If you ask to meet with someone 3 times and they always have an excuse its time to move on. Our suggestion is always the “3-2-1 Rule” where you have 3 online conversations with someone who interests you, then ask for their number and have 2 phone conversations with them and finally ( if things go well) ask to meet for coffee for a short 30 minutes to see if there is any chemistry. If during this process the person doesn’t want to talk on teh phone or certainly meet then it’s time to move on and find someone else.
Not everyone that tries and scam you is interested in money. Sometimes people try and scam you to get you to date them even though they know they are not in your “league” or not the type of person you’ve indicated you’re interested in. Another benefit of this “3-2-1 rule” is that it can quickly weed out the people that are trying to convince you to date them even thought they are the wrong person.
There are examples of people using other peoples photos, like their roommate or someone they found online. There are even Artificial Intelligence based sites continuously creating fake portraits of non-existent humans for use in advertising. While the use of avatars in advertising is fine and legal …and avoids the cost of hiring models and a photographer, using these images on an online dating site to commit a dating scam is wrong. While these people are wrong to do this and waste your time, maybe be flattered that someone went to all that trouble to want to meet you. Ultimately , you will need to move on.
Here are some additional tips on spotting fake online profiles.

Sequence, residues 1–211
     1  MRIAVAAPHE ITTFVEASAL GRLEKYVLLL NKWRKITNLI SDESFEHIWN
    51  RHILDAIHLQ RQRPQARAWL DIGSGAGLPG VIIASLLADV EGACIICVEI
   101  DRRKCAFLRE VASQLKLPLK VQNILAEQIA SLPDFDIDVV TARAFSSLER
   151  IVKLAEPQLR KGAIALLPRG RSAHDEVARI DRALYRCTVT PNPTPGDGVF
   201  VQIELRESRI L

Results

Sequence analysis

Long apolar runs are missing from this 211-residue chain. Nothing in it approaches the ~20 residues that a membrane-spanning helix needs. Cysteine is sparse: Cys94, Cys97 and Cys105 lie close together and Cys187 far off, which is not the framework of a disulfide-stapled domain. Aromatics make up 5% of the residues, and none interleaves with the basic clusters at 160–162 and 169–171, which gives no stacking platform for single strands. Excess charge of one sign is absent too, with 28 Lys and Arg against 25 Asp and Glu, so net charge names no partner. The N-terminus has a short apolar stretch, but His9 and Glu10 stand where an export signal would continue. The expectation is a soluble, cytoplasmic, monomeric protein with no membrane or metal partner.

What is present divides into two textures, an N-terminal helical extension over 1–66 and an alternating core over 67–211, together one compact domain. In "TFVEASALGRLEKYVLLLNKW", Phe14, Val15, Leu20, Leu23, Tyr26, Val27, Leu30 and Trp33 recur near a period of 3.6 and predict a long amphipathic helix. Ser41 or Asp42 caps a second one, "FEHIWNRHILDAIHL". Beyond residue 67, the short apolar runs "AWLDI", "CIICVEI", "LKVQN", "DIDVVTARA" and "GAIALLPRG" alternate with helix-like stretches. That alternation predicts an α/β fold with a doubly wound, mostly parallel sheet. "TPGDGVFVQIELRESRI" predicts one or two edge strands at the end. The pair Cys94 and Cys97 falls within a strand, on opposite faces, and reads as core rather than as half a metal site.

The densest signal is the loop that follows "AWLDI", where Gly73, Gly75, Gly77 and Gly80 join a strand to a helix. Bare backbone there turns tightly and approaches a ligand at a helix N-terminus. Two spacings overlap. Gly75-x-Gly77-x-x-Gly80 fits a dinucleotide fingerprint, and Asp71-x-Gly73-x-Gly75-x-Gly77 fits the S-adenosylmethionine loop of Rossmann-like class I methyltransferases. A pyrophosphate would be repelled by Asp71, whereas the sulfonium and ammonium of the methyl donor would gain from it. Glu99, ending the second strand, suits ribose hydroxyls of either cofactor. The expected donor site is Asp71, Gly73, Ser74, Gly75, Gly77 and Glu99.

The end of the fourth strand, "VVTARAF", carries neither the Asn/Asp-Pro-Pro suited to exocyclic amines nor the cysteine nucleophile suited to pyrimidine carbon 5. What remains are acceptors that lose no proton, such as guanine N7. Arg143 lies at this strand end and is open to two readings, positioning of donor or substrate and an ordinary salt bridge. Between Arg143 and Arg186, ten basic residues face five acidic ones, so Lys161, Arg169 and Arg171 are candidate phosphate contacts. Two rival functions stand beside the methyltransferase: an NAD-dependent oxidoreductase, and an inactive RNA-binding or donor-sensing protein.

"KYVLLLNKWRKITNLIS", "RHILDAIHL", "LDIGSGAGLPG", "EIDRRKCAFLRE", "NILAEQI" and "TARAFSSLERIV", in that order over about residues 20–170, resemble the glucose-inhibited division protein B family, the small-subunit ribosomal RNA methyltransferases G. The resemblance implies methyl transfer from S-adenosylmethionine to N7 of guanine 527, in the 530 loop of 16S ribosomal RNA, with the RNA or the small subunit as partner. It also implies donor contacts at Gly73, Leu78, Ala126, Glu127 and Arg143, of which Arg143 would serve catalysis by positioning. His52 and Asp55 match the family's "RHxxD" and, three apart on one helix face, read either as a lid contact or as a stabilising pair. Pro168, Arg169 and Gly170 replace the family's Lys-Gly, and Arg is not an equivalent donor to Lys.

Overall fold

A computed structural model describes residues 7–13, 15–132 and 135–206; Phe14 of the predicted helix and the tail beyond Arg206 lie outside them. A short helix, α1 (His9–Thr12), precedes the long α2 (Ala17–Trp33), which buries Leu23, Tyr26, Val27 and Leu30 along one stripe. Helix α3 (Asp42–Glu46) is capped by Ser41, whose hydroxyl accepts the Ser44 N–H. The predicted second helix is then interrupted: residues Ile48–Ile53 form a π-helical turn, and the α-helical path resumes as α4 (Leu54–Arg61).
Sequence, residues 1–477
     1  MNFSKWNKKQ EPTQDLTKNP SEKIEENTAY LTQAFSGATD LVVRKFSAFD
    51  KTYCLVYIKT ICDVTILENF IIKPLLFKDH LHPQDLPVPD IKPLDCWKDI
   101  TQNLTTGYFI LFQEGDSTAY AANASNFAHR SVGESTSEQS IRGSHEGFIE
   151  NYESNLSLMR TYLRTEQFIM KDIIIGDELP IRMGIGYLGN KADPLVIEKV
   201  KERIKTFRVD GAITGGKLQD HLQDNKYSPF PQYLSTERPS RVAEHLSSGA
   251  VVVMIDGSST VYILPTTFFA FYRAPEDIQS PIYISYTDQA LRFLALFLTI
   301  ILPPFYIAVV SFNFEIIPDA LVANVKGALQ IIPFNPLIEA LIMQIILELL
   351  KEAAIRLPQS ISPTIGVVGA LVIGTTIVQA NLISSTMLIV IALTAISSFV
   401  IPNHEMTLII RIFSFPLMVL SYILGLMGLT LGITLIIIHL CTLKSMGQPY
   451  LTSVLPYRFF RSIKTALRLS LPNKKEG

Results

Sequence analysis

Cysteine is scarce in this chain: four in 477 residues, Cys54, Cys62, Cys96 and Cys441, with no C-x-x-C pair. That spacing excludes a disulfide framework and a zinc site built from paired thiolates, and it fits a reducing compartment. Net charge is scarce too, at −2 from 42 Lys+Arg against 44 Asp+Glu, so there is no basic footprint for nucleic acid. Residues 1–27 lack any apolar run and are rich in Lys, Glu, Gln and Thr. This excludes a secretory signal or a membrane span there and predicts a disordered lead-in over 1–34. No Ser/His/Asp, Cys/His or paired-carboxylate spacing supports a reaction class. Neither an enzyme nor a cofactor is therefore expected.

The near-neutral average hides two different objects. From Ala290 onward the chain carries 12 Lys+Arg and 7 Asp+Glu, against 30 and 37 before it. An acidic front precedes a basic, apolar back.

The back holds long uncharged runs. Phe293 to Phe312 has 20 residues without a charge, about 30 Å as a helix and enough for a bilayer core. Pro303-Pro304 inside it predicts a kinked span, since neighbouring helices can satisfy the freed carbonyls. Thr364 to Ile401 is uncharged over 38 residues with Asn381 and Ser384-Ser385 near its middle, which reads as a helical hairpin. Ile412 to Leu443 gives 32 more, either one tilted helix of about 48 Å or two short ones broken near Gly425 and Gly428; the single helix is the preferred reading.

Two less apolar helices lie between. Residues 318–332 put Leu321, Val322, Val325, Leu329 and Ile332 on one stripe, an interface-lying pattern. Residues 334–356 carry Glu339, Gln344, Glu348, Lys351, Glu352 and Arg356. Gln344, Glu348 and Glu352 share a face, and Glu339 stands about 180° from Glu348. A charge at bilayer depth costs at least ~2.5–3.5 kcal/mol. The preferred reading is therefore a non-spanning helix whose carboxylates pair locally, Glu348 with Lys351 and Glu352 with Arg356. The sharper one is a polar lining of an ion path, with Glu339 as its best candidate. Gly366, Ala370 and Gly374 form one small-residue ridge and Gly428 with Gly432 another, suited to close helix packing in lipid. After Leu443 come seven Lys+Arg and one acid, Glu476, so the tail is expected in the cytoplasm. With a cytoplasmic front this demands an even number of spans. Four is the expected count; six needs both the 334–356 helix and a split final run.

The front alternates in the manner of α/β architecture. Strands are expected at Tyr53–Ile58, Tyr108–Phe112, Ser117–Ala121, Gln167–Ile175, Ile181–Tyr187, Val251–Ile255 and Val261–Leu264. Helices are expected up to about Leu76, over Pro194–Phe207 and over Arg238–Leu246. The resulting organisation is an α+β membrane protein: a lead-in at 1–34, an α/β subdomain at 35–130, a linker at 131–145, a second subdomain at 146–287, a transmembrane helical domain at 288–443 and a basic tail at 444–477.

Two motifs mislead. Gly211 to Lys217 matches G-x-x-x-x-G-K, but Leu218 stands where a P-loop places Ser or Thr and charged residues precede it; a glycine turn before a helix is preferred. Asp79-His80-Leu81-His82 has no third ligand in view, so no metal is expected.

2. Here are the Scamming Techniques to Watch Out For
A scammer will want to take the discussion off the dating site and correspond via private email, texting, or instant messaging in order to keep your correspondence private and under the radar of the dating site or law enforcement.
A scammer will usually start corresponding with you as a real possible date would, by exchanging basic information like line of work, hobbies, where they grew up and live now, and the like. However, things will escalate unusually quickly – the scammer will quickly fall “in love” with you and may even state that your meeting was fated to be.
A scammer will request your full name, address, or banking information way too soon in your relationship. Be cautious. Refrain from sharing sensitive personal or financial information too soon.
To spring the trap, a scammer will ask you to send or wire money to him or her, or to deposit a check then send a portion back as these are often bad checks that bounce, leaving you having to repay the amount deposited to the bank. Be wary of any mention of money inthe first weeks or months of your correspondence online.
3. Here’s What to Do When You Think a Profile is Phony
There are a multitude of ways to check up on someone’s online profile and confirm that he or she is in fact a real person looking for a date.
- Perform an image-search of the profile pic to see if used elsewhere online (Google or TinEye)
- Google the profile name to see if there are other profiles using that name, or if anyone has reported a scam using that name
- Either cease communication OR be very, very cautious. Do not give out personal or financial details, send money, or send any incriminating photos or videos of yourself as scammers are known to blackmail people who do this.
How to Prevent Your Profile from Looking like a Phony Profile
You are paying for a membership on that online dating site for a reason, right? Potential matches have the same concerns you do and want to avoid being scammed. Here are three tips on how to create your profile so that you prevent the site as well as potential matches from suspecting that your profile is fake:
- Fill out your profile completely, but at the same time preserve your privacy as much as possible. How? Create a user name or a nickname perhaps, and disclose that you live in a certain state or county or metropolitan region rather than your exact town.